The Next Step in the Fight for Bristol Bay
Photo: Paul Nicoletti

The Next Step in the Fight for Bristol Bay

The fight against the proposed Pebble mine has reached another critical milestone with the release of the Final Environmental Impact Statement (Final EIS) on Thursday, July 23, 2020.

The final environmental impact statement for Pebble is here.

Produced by the U.S. Army Corps of Engineers, the Final EIS is the risk analysis document that should review all the potential impacts the project could bring to the people, fish, and fish-based economies in southwest Alaska. More importantly, the Final EIS serves as the basis for the record of decision, which will grant or deny Pebble its most important federal permit. This decision could come as soon as August 19, 2020.

Photo: Paul Nicoletti

In 2019, Trout Unlimited, multiple federal and state agencies, and 685,000 individuals submitted comments on the Draft Environmental Impact Statement, all noting the inadequacies in the Corps’ initial document. Alaska Senators Lisa Murkowski and Dan Sullivan even weighed in, saying that if the Corps doesn’t address all the issues raised in agency comments in the Final EIS, they should not issue the permit.

Even from reading the executive summary, it is clear that the Corps has not evaluated Pebble beyond a conceptual level plan, and hasn’t fully accounted for every way Pebble would impact Bristol Bay, which is a failure of their duties under the Clean Water Act.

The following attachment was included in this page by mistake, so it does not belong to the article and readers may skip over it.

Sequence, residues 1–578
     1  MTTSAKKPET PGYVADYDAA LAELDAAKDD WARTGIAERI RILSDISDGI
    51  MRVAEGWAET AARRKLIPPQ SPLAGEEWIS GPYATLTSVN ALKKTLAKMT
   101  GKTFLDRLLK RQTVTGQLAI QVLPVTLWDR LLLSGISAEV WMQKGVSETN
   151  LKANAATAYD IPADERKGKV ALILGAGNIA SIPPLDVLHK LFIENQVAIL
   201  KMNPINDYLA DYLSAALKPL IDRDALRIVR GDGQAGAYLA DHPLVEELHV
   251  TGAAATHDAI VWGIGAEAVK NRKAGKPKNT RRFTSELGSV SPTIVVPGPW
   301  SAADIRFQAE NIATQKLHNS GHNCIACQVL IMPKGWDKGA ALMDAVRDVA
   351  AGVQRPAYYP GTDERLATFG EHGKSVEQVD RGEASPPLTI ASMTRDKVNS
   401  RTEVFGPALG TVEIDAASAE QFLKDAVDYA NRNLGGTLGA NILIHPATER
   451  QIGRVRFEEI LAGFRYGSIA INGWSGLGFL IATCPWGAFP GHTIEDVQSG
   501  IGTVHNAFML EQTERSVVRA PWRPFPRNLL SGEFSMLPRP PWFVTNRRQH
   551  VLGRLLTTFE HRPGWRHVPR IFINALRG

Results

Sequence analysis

See the FEIS here and TU’s analysis here.

Photo: Tosh Brown

With a record of decision issued as early as next month, we are nearly at the end of the permitting process. We’ve called on the Army Corps, our Senators, and even the President to stop Pebble, and now they need to hear from people from across the country again. Head over to www.savebristolbay.org/tellpresidenttrump to send a note to the White House — yes, again — asking them to do all they can to stop Pebble in the permitting process.


“Alaska is a world-renowned salmon resource. To risk losing the Bristol Bay drainage would be globally catastrophic. This resource must remain protected.”

— Rich DiStanislao, Vice President DFTU



This content is not original to the Doc Fritchey Chapter. Reprinted with permission from Trout Unlimited.